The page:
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We Love Nosferatu

Updated on November 15, 2014

Images of Nosferatu

Count Orlok
Count Orlok

Nosferatu: The Great Grand-Daddy of Vampire Movies

Nosferatu is a fantastic movie that was from the old era of black and white silent films. This movie was sued by the widow of Bram Stoker for plagiarism, who won the case. It may seem strange to have a plagiarism involving Bram Stoker's widow but remember the new age of horror including Dracula (written 1897) wasn't that far before the early silent film age! As a result of the case being won, the movie should have died.

All copies of the movie were supposed to be destroyed, but copies survived. This is often, along with Incubus, one of the films with the most legends about the cast being "cursed" for taking part with a crazy amount of insanely bad (Luck? Misfortune? Curse?) fortune to fall upon all who participated.

Why I Love Nosferatu - and Why You Will Too!

Nosferatu (The Ultimate Two-Disc Edition)
Nosferatu (The Ultimate Two-Disc Edition)

This is the grand-daddy of all vampire movies, from the black and white silent movie age. It wasn't supposed to survive because it was an obvious rip off of Dracula and yet this cult classic somehow survived, and continues to endure. A fantastic buy that even 80 years later is still worth the watch!


Classic Nosferatu Picture

One of the more iconic images from the movie.
One of the more iconic images from the movie. | Source

Nosferatu Was Based on the Original Dracula by Bram Stoker

Directed by:

F.W. Murnau

Max Schreck
Gustav von Wangenheim
Alexander Granach

There's no question that this is the great-great-grandfather of all vampire movies, one that we're extremely fortunate even survives today. In fact, the movie probably should never have been made. This film is an old tinted film from black and white silent picture era that stars Max Schrek as the creepy Count Orlok, a character very obviously based. This film was a German expressionist film that remains extremely popular today. Although most copies of the original film were ordered destroyed, some have survived, keeping this treasure alive for us. Some people find this old film campy and hilarious, but many others still continue to find Max Schreck and his character incredibly creepy and off-putting.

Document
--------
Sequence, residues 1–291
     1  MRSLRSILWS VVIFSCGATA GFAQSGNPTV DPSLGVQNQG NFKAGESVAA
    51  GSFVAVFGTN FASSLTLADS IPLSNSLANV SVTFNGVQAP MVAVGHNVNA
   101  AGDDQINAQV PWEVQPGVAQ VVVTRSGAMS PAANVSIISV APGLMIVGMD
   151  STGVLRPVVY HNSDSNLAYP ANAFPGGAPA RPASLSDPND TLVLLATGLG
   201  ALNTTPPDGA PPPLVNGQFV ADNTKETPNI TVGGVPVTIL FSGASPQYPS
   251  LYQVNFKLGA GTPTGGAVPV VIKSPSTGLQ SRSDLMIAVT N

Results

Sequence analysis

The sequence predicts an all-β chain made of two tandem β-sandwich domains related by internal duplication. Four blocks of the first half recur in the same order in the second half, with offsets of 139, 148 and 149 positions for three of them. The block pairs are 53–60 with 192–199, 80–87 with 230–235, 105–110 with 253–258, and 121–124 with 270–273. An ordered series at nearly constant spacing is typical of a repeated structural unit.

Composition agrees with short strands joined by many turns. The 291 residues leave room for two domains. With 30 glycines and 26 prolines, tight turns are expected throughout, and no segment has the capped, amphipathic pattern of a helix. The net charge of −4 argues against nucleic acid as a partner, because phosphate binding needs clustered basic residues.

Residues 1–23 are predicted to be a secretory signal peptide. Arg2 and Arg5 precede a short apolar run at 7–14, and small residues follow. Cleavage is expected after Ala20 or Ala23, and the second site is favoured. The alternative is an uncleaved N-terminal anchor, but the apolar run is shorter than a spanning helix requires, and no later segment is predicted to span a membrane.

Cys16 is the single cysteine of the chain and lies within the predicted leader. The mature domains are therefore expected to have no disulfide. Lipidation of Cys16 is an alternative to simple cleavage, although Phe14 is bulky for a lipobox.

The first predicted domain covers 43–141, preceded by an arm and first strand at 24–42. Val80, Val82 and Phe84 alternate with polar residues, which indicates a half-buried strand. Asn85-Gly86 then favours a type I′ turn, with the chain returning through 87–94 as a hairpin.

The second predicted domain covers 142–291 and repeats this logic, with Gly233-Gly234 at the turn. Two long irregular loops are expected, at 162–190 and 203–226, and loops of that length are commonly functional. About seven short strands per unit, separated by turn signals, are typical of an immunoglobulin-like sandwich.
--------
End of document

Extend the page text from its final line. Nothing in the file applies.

Nosferatu is recognized at the very first vampire films, and after it's release, Bram Stoker's widow sued the director, claiming this was a blatant rip-off of her late husband's novel: Dracula. The court found in her favor, as there was little question that Dracula was the inspiration for this film, and every negative of this film was supposed to have been destroyed, but pirate copies kept cropping up all over the place.

Once the copyright to Dracula wore off (copyrights last 70 years after the author's death), the movie was re-released in DVD format and is now available on DVD. Whether this movie hits you as very creepy or hilarious, it's worth seeing.

Why Nosferatu Still Holds Up!

I am a very big fan of Nosferatu. Not only does Max Schreck put on an amazing performance as Count Orlok, but the music, the atmosphere, everything makes the movie still creepy even after all these years, even without sound. It's a very different type of movie watching experience, but one that I enjoyed immensely.

Sometimes people rave over a historical movie because of it's place in history. No question this is the first major vampire movie, and was an amazing display of early German expressionism in film, but I found the film itself was still enjoyable. The experience, the writing, watching how actors had to get their parts across, the combination made for a great experience and one I recommend to any horror movie, vampire movie, or just even general movie buff!

Great Review of Nosferatu Blu-Ray

The Legend of Nosferatu Lives, as Well

Nosferatu exists in a wide variety of pop culture references. While it might not get the attention of some of the most popular Twilight Zone episodes, Nosferatu still appears in pop culture like:

  • The Simpsons
  • Spongebob Squarepants
  • NOS4A2 (a novel) by Joe Hill
  • Song "Nosferatu" by Blue Oyster Cult (1977)
  • Multiple references in vampire films and books referring to "nosferatu" as general vampires or vampirism

Take a Look at Shadow of the Vampire

Shadow of the Vampire - A Great Homage

While far more modern, the 2000 movie Shadow of the Vampire is a great homage movie. In this film Williem Dafoe plays Max Schreck, under the premise that the reason he was so creepy and into the character in the movie is that Schreck in fact, is a real vampire. Great performances, bizarre and strange dialogue scenes, and a great overall movie. I do highly recommend this. Not as good as the original Nosferatu, but definitely and interesting companion piece!

Shadow of the Vampire Clip

Movie Draculas Face-Off Today!

Who would win in a free-for-all vampire fight?

See results

No, old is too old - black and white is long gone!

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